Since its creation back in 2010, Instagram has gone from strength to strength and has quickly become one of the most popular social networking sites, with over 800 million users worldwide.
However, for an alarming amount of its users and mental health experts, the positivity which Instagram encourages is becoming a major issue in the lives of many young people around the world.
There is a relentless nature to Instagram, a feeling among its users that they must project nothing short of a ‘perfect’ lifestyle. From this arises the same question that has been asked millions of times before, ‘when is it time to stop scrolling?’
In comparison to Twitter, where a simple spelling mistake in a viral tweet earns you some nasty nicknames, Instagram actually appears to be quite a friendly platform to interact with. It is a visually led site, where trending posts will only go viral due to popularity. This is measured in likes that occur through a simple ‘double-tap’ on your screen, meaning posts go viral because of positive reactions.
However, there is growing concern that the emphasis on promoting positivity may be harmful to both yourself and those who see your content. Facebook may make you believe its users are boring, whereas Twitter may make you believe everyone is feisty, but Instagram, in many cases, makes you believe that everyone else is happier and better off than you. Being bombarded with happy couples, expensive clothing or just simple good looks in your face every time you open the application may not have a good impact on your mental health, and recently this has been highlighted as a major issue that needs tackling.
In 2017, the Royal Society for Public Health (RSPH), an independent charity seeking to improve the mental health of the public, produced a country-wide survey of 14 to 24 year-olds, in which they asked them to rank the ‘big five’ (Twitter, Facebook, Snapchat, Youtube, Instagram) in terms of how each one affected their sleep, and their F.O.M.O (fear of missing out).
Instagram came last in this survey, with results showing particularly bad scoring on areas such as sleep, self-body-image and F.O.M.O. Only Snapchat came close in terms of negativity. However, many believed Snapchat provided an opportunity for ‘real-world relationships’. Niamh McDade of the RSPH said: “On the face of it, Instagram can look very friendly. But that endless scrolling without much interaction doesn’t really lead to much of a positive impact on mental health and well-being. You also don’t really have control over what you’re seeing. And quite often you see images that claim to be showing you reality, but aren’t. That’s especially damaging to young men and women.”
The likelihood among young men and women is that they are following their favourite celebrities or footballers, all of whom are living lavish lifestyles much different to the norm. Logging onto a feed displaying items you can’t afford will create anxiety and depression and this is just one aspect of the potentially harmful factors associated with Instagram.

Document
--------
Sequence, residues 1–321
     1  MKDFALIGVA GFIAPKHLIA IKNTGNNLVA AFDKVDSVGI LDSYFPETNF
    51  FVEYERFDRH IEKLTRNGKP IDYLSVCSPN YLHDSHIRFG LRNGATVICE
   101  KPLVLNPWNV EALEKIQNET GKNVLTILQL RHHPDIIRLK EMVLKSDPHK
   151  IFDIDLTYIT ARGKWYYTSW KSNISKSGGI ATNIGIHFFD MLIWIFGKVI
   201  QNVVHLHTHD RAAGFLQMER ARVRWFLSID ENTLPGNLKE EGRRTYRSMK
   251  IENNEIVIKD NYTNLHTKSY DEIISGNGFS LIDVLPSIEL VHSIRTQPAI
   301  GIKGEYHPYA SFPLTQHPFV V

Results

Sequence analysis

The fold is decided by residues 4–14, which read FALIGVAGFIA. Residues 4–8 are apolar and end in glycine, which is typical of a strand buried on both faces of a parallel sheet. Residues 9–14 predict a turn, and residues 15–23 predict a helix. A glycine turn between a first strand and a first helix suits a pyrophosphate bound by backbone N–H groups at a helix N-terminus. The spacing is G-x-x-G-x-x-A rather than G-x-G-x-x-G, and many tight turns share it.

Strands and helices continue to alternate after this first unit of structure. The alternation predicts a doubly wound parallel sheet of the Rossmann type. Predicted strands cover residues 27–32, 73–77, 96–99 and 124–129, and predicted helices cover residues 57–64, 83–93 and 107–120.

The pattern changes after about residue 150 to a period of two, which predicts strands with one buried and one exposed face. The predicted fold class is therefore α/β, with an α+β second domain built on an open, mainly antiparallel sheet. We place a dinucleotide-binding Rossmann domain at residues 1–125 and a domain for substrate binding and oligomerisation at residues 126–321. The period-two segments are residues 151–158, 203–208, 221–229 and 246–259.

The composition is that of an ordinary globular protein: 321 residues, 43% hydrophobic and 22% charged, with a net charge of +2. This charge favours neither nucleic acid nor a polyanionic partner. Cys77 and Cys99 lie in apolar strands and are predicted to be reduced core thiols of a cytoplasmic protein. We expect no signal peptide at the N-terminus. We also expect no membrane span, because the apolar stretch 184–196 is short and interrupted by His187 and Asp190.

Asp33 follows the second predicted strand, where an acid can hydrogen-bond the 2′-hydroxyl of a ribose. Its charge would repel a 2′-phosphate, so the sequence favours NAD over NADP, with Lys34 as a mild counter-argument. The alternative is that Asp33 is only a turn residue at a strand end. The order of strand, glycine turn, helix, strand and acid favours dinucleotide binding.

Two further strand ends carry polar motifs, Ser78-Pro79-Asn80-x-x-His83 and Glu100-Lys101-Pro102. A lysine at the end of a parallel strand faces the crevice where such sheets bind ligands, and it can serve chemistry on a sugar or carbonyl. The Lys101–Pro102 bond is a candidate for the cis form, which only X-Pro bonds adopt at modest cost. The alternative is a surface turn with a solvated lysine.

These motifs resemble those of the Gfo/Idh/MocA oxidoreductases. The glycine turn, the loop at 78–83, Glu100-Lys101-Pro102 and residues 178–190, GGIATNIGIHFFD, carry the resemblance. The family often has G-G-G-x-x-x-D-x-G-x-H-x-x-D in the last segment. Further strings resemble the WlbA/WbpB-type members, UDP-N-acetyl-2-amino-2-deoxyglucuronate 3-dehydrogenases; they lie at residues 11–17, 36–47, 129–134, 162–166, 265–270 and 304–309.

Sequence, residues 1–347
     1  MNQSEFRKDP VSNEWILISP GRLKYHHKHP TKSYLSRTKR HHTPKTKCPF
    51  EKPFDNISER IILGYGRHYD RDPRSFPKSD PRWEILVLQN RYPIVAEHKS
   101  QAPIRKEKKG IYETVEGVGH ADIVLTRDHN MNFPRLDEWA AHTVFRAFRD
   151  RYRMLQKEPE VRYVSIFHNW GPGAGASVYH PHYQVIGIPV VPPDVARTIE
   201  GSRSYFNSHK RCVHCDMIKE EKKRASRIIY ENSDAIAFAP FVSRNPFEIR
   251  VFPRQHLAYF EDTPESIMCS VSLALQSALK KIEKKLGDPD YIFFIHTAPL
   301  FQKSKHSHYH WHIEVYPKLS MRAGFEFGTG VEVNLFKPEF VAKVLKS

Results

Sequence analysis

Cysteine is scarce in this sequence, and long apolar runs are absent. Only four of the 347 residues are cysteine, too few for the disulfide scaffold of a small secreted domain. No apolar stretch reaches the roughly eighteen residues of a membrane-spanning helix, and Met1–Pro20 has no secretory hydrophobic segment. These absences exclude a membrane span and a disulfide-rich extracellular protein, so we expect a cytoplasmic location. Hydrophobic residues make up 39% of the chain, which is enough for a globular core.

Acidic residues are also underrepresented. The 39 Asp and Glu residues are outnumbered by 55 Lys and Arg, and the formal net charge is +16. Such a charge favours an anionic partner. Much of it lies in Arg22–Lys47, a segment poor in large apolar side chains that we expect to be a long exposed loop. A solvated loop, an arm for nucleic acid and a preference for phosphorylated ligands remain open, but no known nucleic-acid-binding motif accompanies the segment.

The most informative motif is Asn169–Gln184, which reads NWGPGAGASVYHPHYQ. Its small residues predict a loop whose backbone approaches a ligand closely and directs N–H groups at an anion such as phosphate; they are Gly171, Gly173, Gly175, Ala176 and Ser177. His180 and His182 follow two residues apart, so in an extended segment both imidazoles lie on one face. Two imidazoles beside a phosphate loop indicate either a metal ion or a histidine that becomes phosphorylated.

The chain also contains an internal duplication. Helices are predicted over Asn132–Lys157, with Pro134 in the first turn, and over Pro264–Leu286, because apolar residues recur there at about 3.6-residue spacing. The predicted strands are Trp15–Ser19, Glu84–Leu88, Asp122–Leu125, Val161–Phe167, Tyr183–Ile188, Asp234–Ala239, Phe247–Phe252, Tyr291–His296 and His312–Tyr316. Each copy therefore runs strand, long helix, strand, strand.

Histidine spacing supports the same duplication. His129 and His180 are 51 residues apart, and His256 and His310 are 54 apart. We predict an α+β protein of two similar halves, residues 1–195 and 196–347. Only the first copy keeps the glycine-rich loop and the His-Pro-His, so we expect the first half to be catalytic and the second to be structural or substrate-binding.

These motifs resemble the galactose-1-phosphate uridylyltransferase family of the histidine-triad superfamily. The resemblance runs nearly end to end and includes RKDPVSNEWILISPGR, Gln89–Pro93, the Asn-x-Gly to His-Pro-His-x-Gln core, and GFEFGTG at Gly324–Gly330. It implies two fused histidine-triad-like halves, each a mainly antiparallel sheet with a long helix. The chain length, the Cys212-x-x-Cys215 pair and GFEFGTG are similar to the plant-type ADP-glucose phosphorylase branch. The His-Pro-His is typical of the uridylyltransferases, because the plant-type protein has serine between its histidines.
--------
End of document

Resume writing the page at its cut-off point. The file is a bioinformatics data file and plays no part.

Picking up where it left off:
For Darragh, a 23-year-old from Dublin, the unrealistic nature of Instagram led to an unhealthy mind-set, one he says he could feel himself slipping into. “I just remember being in final year when my life revolved around studying and getting assignments done, the same sort of posts I was always seeing began to really annoy me. Seeing people going out and having a good time, or even travelling just really got to my head because I would be spending hours every day following the same routine for a year. It got to the point where I could feel I was about to get annoyed before I would even open the app but I would do it anyway, it was strange, sort of like an addiction that I hated.”
Unfortunately for Darragh, things became worse, something he partially puts down to his use of social media, including Instagram. He said: “The whole time I kept thinking that the feeling of depression or even anger looking at any sort of post would pass as soon as final year was finished, but it just never went away, and I wasn’t able to get that thought process out of my head. I ended up going to St. Pats for their mental health programme, that’s how bad it got.”
Instagram has always been the same platform, since its creation it has always been about self-promotion and perhaps displaying a false portrayal of how we live.
So, what changed? Why, after several years of using social media, was it only now Darragh saw issues with it? One factor Darragh believes might have played an integral role was the introduction of ‘sponsored’ posts, a system where you come across various adverts, mainly fitness related, that will appear on your timeline or as you tap through stories.
As well as this, a new algorithm meant popular posts based off follower numbers make it to your timeline even if you never followed them yourself. Darragh believes “I was never that active during that [final] year … sports had to be put on hold for projects and I could tell in my appearance I was gaining a bit of fat. And then I start seeing fitness posts everywhere and it just makes me that bit more conscious and it is nothing less than horrible feeling to deal with.”
Through Darragh’s words, I was able to understand how his daily battle with mental-health is one that is not easily won. We are constantly having adverts for the latest fitness workout or new fashionable clothing brand shoved down our throat, and it is advertising that is already impossible to avoid.
The constant use of Instagram may leave us chasing an unrealistic lifestyle that we will never reach, leaving us with an unfulfilled feeling that won’t ever go away.
For more information and advice on issues surrounding social media, you can visit http://www.rsph.co.uk